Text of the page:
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I'm sorry if I didn't pick a descriptive or concise name. A lot of questions sound similar, but I haven't been able to find what I'm looking for. What I want to do is store a 2D array of pointers somewhere and assign a variable in some object to that array to be able to access it.

Here's some example code that has the same compile error I'm getting with a bigger project.

#include <iostream>
using namespace std;
struct X{
    float n, * b[8][8];
    X(){
        n = 1;
        b[1][5] = &n;
        cout << *(b[1][5]) << endl;
    }
    void Set(float * c[8][8]){
        b = c;
        cout << *(b[1][5]) << endl;
    }
};
main(){
    float m, * a[8][8];
    m = 2;
    a[1][5] = &m;
    X obj;
    obj.Set(a);
}

What I want to happen in this code is that an X object starts with its own 2D array, whose value pointed to by b[1][5] should be printed as "1". Then the main method's 2D array, a, is passed to the object's Set() method and assigned to its array variable. The value pointed to by b[1][5] should then be printed as "2".

However, I can't figure out what type the Set() parameter, c, should be. I get

error: incompatible types in assignment of ‘float* (*)[8]’ to ‘float* [8][8]’

when I try to compile. As for why I want to do this, I'm trying to use an array of pointers to objects, not floats, but it's the same error.

share|improve this question
2  
You have a problem with pointers here: You have an array of arrays of pointers, but you don't set the pointer to point to anything. You do however assign a value to the location of this uninitialized pointer, which results in so called undefined behavior. –  Joachim Pileborg Jun 7 '12 at 4:47
    
Whoops, thanks. Edited. –  MrMormon Jun 7 '12 at 5:06

3 Answers 3

up vote 1 down vote accepted

Try this:

#include <iostream>
using namespace std;
struct X{
    float n;
    float* (*b)[8];
    X(){
        n = 1;
        b = new float*[8][8];
        b[1][5] = &n;
        cout << *(b[1][5]) << endl;
    }
    void Set(float * c[8][8]){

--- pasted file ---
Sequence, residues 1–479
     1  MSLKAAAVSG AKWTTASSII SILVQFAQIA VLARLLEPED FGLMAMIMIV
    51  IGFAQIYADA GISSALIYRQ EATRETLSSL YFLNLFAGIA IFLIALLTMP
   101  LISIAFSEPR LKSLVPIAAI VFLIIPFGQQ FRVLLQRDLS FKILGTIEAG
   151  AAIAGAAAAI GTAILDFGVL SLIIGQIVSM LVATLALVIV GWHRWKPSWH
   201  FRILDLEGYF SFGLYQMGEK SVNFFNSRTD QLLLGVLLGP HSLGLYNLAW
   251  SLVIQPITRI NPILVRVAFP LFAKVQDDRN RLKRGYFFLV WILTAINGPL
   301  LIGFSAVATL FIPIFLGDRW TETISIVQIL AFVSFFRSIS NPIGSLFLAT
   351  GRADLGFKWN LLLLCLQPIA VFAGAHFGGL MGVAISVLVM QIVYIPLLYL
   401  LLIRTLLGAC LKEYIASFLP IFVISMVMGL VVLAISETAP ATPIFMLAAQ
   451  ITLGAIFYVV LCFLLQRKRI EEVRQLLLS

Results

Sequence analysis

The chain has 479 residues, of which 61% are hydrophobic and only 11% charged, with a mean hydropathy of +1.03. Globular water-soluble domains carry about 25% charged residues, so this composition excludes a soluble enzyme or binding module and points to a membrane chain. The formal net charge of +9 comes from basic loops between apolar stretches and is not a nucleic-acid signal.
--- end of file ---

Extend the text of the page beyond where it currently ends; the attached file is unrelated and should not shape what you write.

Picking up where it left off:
delete[] b;
        b = c;
        cout << *(b[1][5]) << endl;
    }
};
main(){
    float m, * a[8][8];
    m = 2;
    a[1][5] = &m;
    X obj;
    obj.Set(a);
}

Here, X stores a pointer to a 1D array, which we are treating as a pointer to the first element of a 2D array - i.e. as just a 2D array.

In X's constructor, X allocates its own array with new and sets its pointer to point to that. When calling Set(), X deletes its own array, and sets its pointer to point to the array provided by the caller.

The only thing to watch out for is, if you call Set() again, that array will in turn be deleted (which will blow up if that array is a stack array, like in this case). So, it might be advisable to separate the line that does delete[] b into its own member function, and call it only when necessary.

share|improve this answer
    
I'd vote this up, but I don't have enough reputation yet. That's a weird way to declare b, but it works! Thanks a lot. –  MrMormon Jun 7 '12 at 5:54
    
Now I have enough. There you go. –  MrMormon Jun 7 '12 at 6:18
1  
@MrMormon: The type of b here is [pointer-to]-[array-of-8]-[pointers-to]-[float]. The parentheses are necessary because float** b[8] would be [array-of-8]-[pointers-to]-[pointers-to]-[float]. See the difference? (Note that spaces make no difference). –  HighCommander4 Jun 7 '12 at 6:21
    
Parentheses can change the "pointer chain" order, got it. Confusing if you don't know that, powerful if you do, I guess. –  MrMormon Jun 7 '12 at 6:24

Your problem with set is that you need to copy the array contents - just doing b=c can't do what you want.

void Set(float * c[8][8]){
    for(unsigned int i=0; i<8; ++i) {